“There’s no way to know whether your presence would have made any difference,” Chakotay disagreed. “Once the Broden realized that she is gezegend, they would have taken her to their priests, and, in any event, I would have done exactly what you did. We all would have.” He looked around the table. “Tuvok and I have an idea that might give us access to the captain.”
“We have studied the cultural database that Tdren provided us earlier,” Tuvok added. “A religious war will respond better to a religious problem than to military force.”
Chakotay nodded. “We’ve filed a petition with the priests, requesting access to the captain so that we can perform death rituals that are part of our beliefs.”
“Death rituals?” Tom asked.
“Having an alien as gezegend is a new development for them. The fact that the captain is serving as their messenger doesn’t negate her own beliefs,” Chakotay explained.
“But, what death ritual?” B’Elanna demanded.
“We’re still working on that. In the meantime, they are considering the request and may or may not allow it.”
“Maybe we will be able to beam her out, once we know where she is!” Harry exclaimed.
“I wouldn’t count on that, Harry,” the commander sighed. “But, if we can go to her, we might be able to administer the antidote, at the very least, and also address the addiction, if we know enough by then to help her.”
The EMH nodded, although he looked doubtful. “I’ll work on it without ceasing.”
“Very well. We wait to hear from the priests.” Chakotay stood up. “That’s all for now.”
Everyone filed out of the room but Harry Kim, who remained in his seat, his face hidden in his arms. Chakotay took the seat beside him and placed a comforting hand on his shoulder.
“I know you blame yourself for this, Harry, but it isn’t your fault. We can’t do a damned thing about the past. Right now, she’s alive, and what we have to focus on is finding a way to help her.”
“She was so sick, Commander, so delirious before she passed out. She kept telling me to call you, even though she knew our commbadges didn’t work. She repeated over and over again that you would know what to do. And then,” he took a deep breath and glanced up at the first officer. “I think she imagined that she was dying. She said you would be a good captain. And she said,” he swallowed back tears, “she said to tell you that her last thoughts were of you. She made me promise to tell you that, Chakotay. It was the last thing she said to me.”
Chakotay nodded, so deeply affected that he was unable to speak. He stood up and walked to the window where he could hide the tears shimmering in his eyes from the young ensign. He fought the despair and hopelessness that threatened to overwhelm him and at long last cleared his throat.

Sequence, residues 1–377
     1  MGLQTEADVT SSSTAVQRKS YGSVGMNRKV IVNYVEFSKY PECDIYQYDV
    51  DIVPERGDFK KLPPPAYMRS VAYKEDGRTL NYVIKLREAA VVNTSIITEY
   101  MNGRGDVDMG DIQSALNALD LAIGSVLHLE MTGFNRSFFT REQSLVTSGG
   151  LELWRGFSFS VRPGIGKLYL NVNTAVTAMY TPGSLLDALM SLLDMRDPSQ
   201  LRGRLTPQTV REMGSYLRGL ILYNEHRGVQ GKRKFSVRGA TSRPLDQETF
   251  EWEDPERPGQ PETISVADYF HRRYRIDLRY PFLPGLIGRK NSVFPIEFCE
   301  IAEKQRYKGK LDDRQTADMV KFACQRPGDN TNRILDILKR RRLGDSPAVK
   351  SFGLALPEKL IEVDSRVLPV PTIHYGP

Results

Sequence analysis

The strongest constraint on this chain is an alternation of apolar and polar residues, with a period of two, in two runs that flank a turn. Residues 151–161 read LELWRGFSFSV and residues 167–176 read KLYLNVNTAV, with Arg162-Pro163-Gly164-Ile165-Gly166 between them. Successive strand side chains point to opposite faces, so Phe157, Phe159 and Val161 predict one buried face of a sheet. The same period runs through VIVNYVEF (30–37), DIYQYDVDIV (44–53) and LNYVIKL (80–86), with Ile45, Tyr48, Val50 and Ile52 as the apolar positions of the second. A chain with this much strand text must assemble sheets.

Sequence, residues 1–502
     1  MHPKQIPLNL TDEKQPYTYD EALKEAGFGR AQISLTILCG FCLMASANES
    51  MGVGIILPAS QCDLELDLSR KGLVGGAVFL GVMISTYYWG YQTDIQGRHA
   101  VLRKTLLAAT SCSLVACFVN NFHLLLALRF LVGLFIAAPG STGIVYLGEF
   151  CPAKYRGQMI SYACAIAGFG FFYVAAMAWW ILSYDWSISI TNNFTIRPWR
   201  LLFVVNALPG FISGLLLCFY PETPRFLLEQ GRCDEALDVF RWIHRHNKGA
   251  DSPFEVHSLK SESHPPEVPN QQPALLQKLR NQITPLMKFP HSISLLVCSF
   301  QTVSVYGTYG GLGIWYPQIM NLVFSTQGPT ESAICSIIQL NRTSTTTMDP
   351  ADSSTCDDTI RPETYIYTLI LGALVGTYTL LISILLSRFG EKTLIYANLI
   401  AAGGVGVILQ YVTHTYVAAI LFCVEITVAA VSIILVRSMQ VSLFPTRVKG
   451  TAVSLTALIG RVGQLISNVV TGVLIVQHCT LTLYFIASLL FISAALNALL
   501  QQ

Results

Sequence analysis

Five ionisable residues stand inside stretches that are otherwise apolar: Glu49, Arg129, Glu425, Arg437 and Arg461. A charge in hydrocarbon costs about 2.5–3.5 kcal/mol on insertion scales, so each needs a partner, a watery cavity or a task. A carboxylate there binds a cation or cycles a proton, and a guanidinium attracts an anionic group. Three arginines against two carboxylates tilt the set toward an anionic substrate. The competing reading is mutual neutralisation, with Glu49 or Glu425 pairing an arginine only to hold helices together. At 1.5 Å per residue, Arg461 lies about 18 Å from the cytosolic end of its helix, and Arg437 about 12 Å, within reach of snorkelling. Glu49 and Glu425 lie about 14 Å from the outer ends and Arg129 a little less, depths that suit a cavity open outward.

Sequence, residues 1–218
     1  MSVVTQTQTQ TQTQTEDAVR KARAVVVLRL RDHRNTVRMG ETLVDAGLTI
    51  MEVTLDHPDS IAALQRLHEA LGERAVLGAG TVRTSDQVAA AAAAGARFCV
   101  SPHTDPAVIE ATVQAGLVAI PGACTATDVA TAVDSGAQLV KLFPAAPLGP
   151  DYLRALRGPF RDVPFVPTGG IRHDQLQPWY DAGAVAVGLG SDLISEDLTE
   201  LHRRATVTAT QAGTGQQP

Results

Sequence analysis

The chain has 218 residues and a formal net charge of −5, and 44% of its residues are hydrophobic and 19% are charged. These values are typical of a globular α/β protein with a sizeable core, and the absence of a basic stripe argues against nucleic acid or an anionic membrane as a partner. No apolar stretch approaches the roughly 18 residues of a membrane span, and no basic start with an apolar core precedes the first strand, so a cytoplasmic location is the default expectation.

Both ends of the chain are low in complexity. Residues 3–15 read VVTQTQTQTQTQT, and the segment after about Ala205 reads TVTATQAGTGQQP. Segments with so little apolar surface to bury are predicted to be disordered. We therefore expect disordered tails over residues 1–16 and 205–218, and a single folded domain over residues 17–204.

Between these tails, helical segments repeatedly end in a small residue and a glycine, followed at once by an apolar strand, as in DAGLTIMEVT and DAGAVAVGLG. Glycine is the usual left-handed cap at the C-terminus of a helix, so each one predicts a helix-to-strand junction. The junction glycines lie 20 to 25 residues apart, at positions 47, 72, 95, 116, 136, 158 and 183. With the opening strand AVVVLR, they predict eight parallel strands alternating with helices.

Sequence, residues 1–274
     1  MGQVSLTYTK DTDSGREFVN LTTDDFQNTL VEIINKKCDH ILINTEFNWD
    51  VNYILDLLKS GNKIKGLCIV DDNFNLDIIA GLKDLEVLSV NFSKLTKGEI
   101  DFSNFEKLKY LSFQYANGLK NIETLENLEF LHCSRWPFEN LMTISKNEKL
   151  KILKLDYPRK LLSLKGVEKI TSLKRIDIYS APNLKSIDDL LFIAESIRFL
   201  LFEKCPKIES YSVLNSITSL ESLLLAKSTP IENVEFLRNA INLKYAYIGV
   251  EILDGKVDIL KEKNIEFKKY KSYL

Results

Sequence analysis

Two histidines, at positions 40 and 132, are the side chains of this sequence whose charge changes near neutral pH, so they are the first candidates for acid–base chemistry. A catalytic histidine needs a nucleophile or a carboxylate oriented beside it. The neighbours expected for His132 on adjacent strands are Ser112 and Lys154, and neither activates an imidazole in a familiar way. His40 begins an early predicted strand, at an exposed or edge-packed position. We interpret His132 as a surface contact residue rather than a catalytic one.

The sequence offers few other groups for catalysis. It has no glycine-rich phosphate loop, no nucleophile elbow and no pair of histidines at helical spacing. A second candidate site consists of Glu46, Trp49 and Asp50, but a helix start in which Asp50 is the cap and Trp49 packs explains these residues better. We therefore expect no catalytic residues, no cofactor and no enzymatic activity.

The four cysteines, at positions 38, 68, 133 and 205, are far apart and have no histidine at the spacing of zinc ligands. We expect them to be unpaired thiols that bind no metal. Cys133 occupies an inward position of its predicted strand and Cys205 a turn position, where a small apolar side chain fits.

“Thank you for telling me that, Harry. It means a lot.”
Two hours later, Chakotay burst into Sickbay. “Doctor? I’ve gotten permission to see the captain.”
“That’s good news, Commander,” the EMH replied as he emerged from the lab brandishing a hypospray. “I’ve just finished synthesizing a human antidote to the poison, and I have determined that we can, indeed, place her in stasis, if necessary, while I continue to search for a solution to the addiction. You can take this with you and administer it to her.”
“I can’t take any kind of modern technology with me.” He took the hypospray into his hands. “They won’t allow medical equipment into the facility, and I can’t give any sort of drug to her. The priests won’t allow it.”
The doctor visibly wilted. “Then all is lost.”
“Not so fast. Is there another way the antidote can be administered? Does it have to be given by a hypospray?”
“Well, let me think.” The doctor sat down at his desk. “I suppose it could be absorbed through bodily fluids or through the air.”
“So, it could be rubbed on her skin? Or dripped into her mouth?”
“Yes, if done in sufficient amounts.”
“It wouldn’t have a negative effect on the person who transfers it?”
“No, the antidote attacks only the poison.”
“Then I know what to do.” Chakotay began to describe his plan, and, as the doctor listened, he began to smile and nod in agreement.
“I think this could work, Commander,” he said at last. “Give me about twenty minutes to prepare what you need.”
“All right. But what about the addiction?”
“I’m still working on that. I believe that she will have sufficient blood level of the pain killer to last several hours before a crisis would occur.”
“So we would have several hours before she faces withdrawal reactions.” Chakotay nodded, his mind already imagining what he would do to help her. “We’ll just have to deal with it when it happens.”
“I’ll continue to work on this while you’re gone, of course.”
Chakotay nodded. “I’ll tell Tdren that I’ll beam down in about thirty minutes.”